personally, I think this is one of the biggest faults. it relies on the user to know that there is a config setting in order to get access a desired feature. it's a chicken/egg scenario. you can you know there's a setting if you don't know there's a setting to look for or even what it may be called? too often, people have a problem with something and the solution is to try one of a variety of different config settings to rectify the situation. that's a bit like requiring a user of a computer to access the BIOS just to get something to work right.Your loss of constraints and so forth upon closing is because you are not saving all objects with the drawing, there's a config setting for this.
Model tree is configurable.
It all depends on the complexity of the model/assembly. Every software has a pros and cons.I agree with Wogz. I'm currently using both Creo 2 and SW on a daily basis and an equal number of hours per day so I feel I can be justified in giving an opinion and comparing the 2 packages. I continually hear people say what you have said about SW being a middle of the road software package but from what I have seen, everything I can do in Creo I can do in SW and usually with less issues, fewer mouse clicks and quicker. It's stable if done correctly in SW and the 2D drafting in SW is streets ahead. I'd love to see some hard facts on what Creo can do that SW can't.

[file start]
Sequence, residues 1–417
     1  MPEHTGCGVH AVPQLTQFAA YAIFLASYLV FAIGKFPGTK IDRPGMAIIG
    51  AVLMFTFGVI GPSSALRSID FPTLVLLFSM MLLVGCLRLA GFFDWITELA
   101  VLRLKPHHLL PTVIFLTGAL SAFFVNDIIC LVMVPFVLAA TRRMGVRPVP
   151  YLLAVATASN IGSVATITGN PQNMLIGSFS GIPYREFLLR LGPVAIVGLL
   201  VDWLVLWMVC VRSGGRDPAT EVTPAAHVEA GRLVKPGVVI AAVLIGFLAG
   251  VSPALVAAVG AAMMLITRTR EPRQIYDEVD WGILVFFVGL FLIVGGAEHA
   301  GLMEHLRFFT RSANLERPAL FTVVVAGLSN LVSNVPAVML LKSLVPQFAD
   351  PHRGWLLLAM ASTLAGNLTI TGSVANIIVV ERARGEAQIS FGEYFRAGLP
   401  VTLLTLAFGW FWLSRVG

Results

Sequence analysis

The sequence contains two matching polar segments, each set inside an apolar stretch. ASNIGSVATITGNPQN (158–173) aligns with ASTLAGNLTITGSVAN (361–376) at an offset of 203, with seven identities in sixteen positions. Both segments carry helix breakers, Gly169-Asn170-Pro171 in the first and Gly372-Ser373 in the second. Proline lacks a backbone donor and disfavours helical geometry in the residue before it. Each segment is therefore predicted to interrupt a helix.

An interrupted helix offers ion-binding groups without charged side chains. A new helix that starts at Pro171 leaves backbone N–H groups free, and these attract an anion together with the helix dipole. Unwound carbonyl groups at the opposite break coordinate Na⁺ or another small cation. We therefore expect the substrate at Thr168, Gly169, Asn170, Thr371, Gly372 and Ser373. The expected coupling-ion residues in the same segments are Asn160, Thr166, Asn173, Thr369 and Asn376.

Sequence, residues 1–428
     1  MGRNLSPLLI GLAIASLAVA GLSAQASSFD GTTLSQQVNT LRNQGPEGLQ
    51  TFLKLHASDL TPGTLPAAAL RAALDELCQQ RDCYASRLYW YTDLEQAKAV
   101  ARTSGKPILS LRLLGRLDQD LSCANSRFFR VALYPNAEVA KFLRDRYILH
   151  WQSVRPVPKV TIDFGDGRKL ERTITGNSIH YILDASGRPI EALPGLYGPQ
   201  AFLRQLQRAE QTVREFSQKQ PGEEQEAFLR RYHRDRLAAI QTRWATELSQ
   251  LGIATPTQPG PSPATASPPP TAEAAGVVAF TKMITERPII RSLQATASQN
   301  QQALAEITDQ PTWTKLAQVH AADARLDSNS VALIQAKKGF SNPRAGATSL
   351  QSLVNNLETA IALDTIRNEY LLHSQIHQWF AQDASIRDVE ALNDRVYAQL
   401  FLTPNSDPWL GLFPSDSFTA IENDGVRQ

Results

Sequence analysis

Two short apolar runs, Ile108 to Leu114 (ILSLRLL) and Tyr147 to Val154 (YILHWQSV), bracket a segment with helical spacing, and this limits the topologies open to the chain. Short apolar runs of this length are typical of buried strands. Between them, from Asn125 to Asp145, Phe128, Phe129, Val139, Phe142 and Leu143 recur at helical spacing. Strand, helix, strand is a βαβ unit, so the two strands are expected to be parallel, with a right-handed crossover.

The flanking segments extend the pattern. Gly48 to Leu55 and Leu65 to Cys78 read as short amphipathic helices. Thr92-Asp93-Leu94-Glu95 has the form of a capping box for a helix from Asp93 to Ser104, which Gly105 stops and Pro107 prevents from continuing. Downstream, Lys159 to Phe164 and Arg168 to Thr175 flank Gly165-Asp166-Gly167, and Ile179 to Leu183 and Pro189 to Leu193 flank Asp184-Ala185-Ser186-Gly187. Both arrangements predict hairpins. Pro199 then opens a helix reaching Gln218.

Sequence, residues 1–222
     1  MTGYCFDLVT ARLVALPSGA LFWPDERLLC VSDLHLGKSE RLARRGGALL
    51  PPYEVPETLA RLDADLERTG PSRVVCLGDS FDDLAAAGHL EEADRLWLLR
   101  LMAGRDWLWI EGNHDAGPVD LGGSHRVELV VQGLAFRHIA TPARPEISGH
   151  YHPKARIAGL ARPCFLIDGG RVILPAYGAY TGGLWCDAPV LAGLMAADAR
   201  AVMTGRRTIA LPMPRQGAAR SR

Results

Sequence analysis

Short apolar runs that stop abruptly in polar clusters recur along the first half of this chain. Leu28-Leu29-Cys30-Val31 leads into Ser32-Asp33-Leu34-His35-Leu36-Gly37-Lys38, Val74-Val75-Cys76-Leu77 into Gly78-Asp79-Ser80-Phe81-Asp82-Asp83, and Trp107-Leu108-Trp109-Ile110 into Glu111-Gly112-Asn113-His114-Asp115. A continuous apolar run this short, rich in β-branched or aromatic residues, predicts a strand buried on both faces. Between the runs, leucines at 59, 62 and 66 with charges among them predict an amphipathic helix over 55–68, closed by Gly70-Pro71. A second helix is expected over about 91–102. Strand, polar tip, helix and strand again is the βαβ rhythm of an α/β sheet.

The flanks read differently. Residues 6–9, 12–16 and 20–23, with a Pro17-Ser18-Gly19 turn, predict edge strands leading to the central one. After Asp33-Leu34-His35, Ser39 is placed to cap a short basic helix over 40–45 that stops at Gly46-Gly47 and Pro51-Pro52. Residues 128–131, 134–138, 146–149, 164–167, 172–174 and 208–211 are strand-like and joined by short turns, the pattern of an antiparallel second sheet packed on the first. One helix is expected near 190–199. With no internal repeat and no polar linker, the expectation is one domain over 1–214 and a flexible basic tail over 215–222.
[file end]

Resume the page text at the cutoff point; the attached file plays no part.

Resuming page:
while I totally understand the point you are making with this, the reality is that many development firms sub out the machining of their tools to any number of suppliers and not all of those suppliers use PTC products or are integrated into the designing firm's CAD database so the updates may not necessarily be seamless even if each firm is using CREO. While the design process as envisioned by PTC is great for a fully integrated and large company, lots of smaller companies can't integrate in the same manner.In Creo the OLD tool path simply updates like a part in assembly mode. Creo Catia and NX have an application for Advanced Assembly / Manufacture etc for example while the mid range modelers do not. ie. Solidworks, Inventor etc...